Indonesia to Ramp Up Stimulus Next Year, Minister Says
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Indonesia will ramp up its fiscal stimulus in the first quarter of next year to support growth amid a global slowdown, the country’s economy minister said.
All ministries will be “encouraged to spend early,” Coordinating Minister for the Economy Airlangga Hartarto said in an interview Tuesday in Jakarta, his first with foreign media since taking the post in October. “We will really try to push it in the beginning of the year.”
President Joko Widodo already announced plans in August to boost spending to a record 2,540.4 trillion rupiah ($181 billion) next year, but the stimulus plan reflects a greater sense of urgency to bolster Southeast Asia’s largest economy. The government has been widening its budget deficit target to support growth as revenue slides, but is mandated by law to keep the shortfall under 3% of gross domestic product.
The government has revised down this year’s growth forecast several times, with the economy now expected to expand 5.1% -- its slowest pace since 2017. The official forecast for next year is 5.3%, but the government has said growth could reach as high as 5.6%.
Despite the headwinds, Hartarto said the government remains “quite confident” it will meet its growth targets for next year. The key challenge remains external factors that create uncertainty, including the trade war, tensions between South Korea and Japan, civil unrest in Hong Kong, and Brexit, he said.
Domestic consumption, which accounts for more than half of GDP, provides a buffer from external pressures, Hartarto said. Investment projects currently in the pipeline also will provide a boost to growth, he said.
The central bank has been adding monetary stimulus as well, cutting its benchmark rate by 100 basis points since July. In an interview last week, Bank Indonesia Senior Deputy Governor Destry Damayanti said the impact would begin to be felt in the first quarter of 2020. Hartarto, meanwhile, said banks need to do more to pass on the cuts to customers.
With the benchmark rate at 5% but commercial banks still charging 8%-9% interest on loans, Hartarto said the transmission of monetary easing to the general economy has been too slow.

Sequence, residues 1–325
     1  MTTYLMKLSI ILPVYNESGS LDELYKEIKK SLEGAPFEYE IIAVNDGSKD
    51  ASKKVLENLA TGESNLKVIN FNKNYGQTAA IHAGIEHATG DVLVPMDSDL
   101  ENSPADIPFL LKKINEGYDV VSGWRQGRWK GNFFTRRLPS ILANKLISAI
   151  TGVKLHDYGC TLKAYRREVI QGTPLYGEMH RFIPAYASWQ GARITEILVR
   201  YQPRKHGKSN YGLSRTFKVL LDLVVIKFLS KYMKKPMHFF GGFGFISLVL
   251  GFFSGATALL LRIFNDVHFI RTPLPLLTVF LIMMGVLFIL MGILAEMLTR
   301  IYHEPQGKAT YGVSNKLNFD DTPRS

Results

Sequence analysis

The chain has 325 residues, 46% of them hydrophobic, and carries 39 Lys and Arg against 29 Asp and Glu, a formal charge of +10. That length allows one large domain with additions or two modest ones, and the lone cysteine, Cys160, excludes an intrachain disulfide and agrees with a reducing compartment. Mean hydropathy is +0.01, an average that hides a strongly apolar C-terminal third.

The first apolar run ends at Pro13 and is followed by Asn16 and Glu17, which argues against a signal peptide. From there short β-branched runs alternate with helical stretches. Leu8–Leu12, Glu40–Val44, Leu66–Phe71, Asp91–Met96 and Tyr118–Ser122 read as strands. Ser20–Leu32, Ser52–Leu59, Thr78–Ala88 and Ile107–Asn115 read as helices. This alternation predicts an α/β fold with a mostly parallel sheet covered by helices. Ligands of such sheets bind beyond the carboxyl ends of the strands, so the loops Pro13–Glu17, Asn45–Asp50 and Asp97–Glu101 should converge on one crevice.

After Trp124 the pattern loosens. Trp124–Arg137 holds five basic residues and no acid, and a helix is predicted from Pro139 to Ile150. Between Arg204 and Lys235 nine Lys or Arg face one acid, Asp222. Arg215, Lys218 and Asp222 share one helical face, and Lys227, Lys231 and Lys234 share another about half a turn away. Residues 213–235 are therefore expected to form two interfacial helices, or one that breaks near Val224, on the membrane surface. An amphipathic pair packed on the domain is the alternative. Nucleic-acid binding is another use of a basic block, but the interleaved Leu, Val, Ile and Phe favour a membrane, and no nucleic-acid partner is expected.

“The banks should follow. It should be lower,” he said, referring to borrowing costs for businesses. “The most important thing is the transmission.”
Hartarto, who heads Indonesia’s second largest party, said he was confident key reforms -- including a gradual cut to the corporate tax rate and changes to labor laws -- would pass parliament early next year and help support growth.
A draft of a tax reform bill has been completed and will be submitted to the parliament before the end of the year, Hartarto said. It includes a plan to gradually lower the corporate tax level from 25% to make Indonesia’s economy more competitive and encourage investment.
Another omnibus bill on job creation, which includes more flexible hiring and firing rules, is almost complete and will be submitted to the parliament in January, Hartarto said. The bill would give the president the authority to overrule regional governments on labor regulations.
Indonesia’s negative investment list -- which sets limits on foreign ownership across a range of sectors -- will be overhauled, with details to be announced in January. The government will issue a regulation that formally abandons the list but divides business sectors into several groups.
Hartarto said priority industries that are export oriented will be open to foreign investment with “fiscal facilities” or incentives such as tax holidays. A “white list” will scrap joint-venture requirements for most sectors, and make certain sectors fully open.
A third group -- mostly small and medium-sized industries -- will be subject to certain conditions, including limits on foreign investment.
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